At least one app for the Apple Watch will allow the wearer to unlock a hotel room with the wave of a wrist. But using mobile devices to provide keyless entry to hotel rooms isn't a novel concept -- and could come with added security risks.
It's easy to see the attraction of mobile devices as hotel keys: It's one less thing guests need to carry around with them on their travels, and magnetic stripe cards are notoriously fickle when placed next to credit cards or mobile phones. But as more automation enters the hotel ecosystem, more security challenges seem to follow.
At Black Hat USA in August, security researcher Jesus Molina detailed how he was able to take over nearly every bit of technology from the thermostat to window blinds in his room at a luxury hotel in China -- and the other 250-plus guest rooms -- all from an iPad.
However, Molina's digital power didn't extend to the room locks, which were operated by a separate system. Hotel locks, he told me when Hilton announced their intent to use smartphones to unlock rooms, have traditionally relied on cloaked security. "You don't know what's in things like keycards or RFIDs," he explained. The moving parts are shrouded, in theory making them harder to crack, a sort of security through obscurity that can hide flaws both from bad guys and researchers wanting to test the efficacy of systems.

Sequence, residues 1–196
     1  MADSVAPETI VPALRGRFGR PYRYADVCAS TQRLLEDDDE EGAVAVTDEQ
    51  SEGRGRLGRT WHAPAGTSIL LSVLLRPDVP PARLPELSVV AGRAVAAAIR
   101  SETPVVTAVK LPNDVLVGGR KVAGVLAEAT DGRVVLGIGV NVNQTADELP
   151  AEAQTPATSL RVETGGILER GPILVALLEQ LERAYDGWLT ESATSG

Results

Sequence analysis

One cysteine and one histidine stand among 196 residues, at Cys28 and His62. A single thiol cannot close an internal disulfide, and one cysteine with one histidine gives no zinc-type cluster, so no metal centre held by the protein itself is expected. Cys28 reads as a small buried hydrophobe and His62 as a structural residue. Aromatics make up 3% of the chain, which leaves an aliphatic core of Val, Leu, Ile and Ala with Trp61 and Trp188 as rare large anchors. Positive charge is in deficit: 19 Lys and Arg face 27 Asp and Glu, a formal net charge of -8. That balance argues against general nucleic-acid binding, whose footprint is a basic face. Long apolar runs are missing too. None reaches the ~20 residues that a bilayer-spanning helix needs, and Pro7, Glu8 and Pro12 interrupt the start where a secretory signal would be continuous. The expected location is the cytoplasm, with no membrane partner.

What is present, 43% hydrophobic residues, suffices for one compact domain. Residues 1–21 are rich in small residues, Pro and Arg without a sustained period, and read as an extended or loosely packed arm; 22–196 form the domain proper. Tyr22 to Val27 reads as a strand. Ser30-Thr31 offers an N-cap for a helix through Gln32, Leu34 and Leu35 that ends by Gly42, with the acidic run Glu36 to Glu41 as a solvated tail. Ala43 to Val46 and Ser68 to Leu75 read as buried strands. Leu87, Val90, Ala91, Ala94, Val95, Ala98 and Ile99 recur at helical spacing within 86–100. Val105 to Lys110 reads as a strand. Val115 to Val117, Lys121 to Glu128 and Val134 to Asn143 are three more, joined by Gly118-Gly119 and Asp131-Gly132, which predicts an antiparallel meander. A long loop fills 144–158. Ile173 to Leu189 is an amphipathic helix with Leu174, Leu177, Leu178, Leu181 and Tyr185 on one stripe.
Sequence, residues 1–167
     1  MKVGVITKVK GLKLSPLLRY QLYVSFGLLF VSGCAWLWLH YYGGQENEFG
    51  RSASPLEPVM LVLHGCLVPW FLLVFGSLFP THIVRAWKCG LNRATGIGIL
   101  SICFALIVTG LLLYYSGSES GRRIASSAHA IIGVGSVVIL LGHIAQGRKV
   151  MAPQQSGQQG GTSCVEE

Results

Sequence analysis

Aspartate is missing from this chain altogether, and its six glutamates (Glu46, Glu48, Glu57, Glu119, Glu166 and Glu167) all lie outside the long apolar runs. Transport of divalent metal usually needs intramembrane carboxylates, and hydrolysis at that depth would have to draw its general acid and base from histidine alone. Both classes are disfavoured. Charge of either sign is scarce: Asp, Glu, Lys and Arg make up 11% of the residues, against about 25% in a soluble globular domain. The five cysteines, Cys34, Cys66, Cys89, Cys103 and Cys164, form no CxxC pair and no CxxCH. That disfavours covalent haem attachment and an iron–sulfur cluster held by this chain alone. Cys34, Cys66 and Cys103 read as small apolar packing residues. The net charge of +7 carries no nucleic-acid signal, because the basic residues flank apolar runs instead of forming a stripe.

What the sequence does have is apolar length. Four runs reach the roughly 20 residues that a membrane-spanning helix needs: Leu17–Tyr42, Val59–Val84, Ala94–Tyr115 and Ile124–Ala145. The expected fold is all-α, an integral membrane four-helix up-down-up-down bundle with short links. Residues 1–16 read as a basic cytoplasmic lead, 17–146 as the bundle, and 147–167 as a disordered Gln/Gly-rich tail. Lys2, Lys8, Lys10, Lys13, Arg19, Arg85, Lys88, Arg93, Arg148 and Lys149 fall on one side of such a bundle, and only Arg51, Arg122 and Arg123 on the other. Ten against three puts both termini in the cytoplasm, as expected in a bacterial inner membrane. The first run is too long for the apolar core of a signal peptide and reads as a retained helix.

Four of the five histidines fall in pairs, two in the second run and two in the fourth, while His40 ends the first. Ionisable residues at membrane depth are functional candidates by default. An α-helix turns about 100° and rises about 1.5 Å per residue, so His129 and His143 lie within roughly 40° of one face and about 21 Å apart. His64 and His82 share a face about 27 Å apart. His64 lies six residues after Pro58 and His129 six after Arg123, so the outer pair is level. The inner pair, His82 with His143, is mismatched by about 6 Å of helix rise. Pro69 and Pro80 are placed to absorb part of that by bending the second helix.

But moving systems to a smartphone or other mobile device that has built-in computing power that could be used to run algorithms to break that security could "open up a big can of worms," he said. Although he assumes Hilton and other companies considering this move have taken "great care" to reduce risk, he still worries that the additional attack surface and communication abilities of mobile devices might make them more difficult to secure.
Hotel chains seem confident in their ability to secure the systems. Asked about their security practices at the time of the company's smartphone announcement, Hilton said all of their proprietary systems undergo "rigorous testing and validation" -- and that their internal scrutiny would be supplemented with "certification by external security experts" before being deployed.